anonymous
  • anonymous
A particle of mass m and speed v strikes a stationery particle(of unknown mass) in a glancing collision. Is it possible for the incident particle to have a final (nonzero) velocity at right angles to its incident velocity? If so, under what condition? please Help.
MIT 8.01 Physics I Classical Mechanics, Fall 1999
  • Stacey Warren - Expert brainly.com
Hey! We 've verified this expert answer for you, click below to unlock the details :)
SOLVED
At vero eos et accusamus et iusto odio dignissimos ducimus qui blanditiis praesentium voluptatum deleniti atque corrupti quos dolores et quas molestias excepturi sint occaecati cupiditate non provident, similique sunt in culpa qui officia deserunt mollitia animi, id est laborum et dolorum fuga. Et harum quidem rerum facilis est et expedita distinctio. Nam libero tempore, cum soluta nobis est eligendi optio cumque nihil impedit quo minus id quod maxime placeat facere possimus, omnis voluptas assumenda est, omnis dolor repellendus. Itaque earum rerum hic tenetur a sapiente delectus, ut aut reiciendis voluptatibus maiores alias consequatur aut perferendis doloribus asperiores repellat.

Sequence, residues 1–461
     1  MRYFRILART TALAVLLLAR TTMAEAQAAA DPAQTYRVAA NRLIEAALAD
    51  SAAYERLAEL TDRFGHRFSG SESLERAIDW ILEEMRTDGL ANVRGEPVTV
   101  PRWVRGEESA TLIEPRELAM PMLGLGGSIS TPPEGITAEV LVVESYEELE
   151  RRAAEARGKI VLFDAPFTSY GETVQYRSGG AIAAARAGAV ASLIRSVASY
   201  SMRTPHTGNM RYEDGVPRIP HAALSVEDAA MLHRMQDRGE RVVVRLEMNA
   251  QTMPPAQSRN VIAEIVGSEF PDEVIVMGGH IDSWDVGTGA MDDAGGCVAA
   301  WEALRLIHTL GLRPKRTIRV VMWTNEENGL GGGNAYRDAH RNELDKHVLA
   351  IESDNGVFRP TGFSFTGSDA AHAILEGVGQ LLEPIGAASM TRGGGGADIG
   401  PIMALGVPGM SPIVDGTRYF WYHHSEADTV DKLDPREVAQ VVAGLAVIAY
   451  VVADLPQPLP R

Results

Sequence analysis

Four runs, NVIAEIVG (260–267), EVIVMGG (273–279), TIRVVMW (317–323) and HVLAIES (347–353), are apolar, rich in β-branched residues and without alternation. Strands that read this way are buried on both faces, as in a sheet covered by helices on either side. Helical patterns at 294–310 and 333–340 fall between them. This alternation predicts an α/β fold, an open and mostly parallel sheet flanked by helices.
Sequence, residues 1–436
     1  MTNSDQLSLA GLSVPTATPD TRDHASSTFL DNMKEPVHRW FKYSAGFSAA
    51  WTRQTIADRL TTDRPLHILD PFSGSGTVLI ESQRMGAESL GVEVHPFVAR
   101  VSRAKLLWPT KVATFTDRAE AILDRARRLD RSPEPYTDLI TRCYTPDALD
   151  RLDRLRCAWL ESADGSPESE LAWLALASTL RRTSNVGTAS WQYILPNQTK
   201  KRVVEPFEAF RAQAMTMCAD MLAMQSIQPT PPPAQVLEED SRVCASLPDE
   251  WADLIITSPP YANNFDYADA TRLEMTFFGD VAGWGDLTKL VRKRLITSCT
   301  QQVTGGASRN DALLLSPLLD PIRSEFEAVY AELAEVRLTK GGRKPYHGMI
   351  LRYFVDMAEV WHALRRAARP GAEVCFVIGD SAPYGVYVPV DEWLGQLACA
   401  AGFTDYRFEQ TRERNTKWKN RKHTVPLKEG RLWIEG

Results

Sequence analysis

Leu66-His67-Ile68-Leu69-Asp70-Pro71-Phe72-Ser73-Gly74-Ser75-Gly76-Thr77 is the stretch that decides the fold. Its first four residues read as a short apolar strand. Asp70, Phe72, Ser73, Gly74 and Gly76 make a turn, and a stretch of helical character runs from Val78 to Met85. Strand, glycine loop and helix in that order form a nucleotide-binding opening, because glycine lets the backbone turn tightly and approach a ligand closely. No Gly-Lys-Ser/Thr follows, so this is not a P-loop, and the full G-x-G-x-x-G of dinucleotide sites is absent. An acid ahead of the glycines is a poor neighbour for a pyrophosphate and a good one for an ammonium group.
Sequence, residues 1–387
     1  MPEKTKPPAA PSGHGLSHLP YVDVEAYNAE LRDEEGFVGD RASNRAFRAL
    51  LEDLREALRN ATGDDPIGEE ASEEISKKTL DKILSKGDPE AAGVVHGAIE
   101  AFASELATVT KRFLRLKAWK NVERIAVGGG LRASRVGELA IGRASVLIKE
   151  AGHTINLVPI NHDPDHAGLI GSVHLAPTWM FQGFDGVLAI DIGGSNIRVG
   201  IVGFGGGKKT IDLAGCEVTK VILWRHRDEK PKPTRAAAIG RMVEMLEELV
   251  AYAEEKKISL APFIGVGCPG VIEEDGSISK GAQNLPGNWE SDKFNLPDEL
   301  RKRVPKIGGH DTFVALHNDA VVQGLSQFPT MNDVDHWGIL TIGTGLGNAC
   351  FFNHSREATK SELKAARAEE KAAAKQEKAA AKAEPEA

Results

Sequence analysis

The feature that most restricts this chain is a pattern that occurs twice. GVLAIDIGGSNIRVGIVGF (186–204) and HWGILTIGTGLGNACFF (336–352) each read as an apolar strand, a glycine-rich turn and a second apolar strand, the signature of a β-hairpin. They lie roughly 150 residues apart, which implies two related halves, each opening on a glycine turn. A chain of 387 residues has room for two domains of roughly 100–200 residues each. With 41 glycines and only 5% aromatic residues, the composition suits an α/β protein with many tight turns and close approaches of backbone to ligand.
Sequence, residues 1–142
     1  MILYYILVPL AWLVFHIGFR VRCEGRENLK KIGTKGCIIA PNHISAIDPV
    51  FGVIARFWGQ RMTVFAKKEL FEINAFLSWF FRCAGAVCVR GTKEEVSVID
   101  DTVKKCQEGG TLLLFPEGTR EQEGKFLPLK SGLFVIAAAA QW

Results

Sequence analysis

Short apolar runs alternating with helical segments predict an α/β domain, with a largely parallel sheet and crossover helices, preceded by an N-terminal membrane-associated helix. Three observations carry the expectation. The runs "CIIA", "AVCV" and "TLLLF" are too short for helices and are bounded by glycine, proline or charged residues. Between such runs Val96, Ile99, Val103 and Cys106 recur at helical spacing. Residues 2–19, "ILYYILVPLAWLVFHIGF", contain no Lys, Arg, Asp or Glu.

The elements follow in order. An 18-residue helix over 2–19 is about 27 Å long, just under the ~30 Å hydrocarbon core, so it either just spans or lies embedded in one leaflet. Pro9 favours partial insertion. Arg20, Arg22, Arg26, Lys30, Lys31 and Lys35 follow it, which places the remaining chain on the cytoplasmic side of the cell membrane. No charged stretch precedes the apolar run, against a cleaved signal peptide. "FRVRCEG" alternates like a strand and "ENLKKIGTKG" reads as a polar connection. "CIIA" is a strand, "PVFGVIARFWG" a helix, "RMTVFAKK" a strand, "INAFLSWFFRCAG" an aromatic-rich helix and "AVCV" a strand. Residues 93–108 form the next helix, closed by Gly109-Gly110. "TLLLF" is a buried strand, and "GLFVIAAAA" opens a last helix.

katieb
  • katieb
I got my questions answered at brainly.com in under 10 minutes. Go to brainly.com now for free help!
anonymous
  • anonymous
Definitely possible...the other mass which is at rest before collision has to be of infinite mass. The angle of collision w.r.t the direction of motion depends on elasticity of collision...for perfectly elastic collision the glancing angle would be 45 degrees. There are infinite no of solutions possible.
anonymous
  • anonymous
Thank You So much for the answer, but if you prove it by equation it will be perfect.

Looking for something else?

Not the answer you are looking for? Search for more explanations.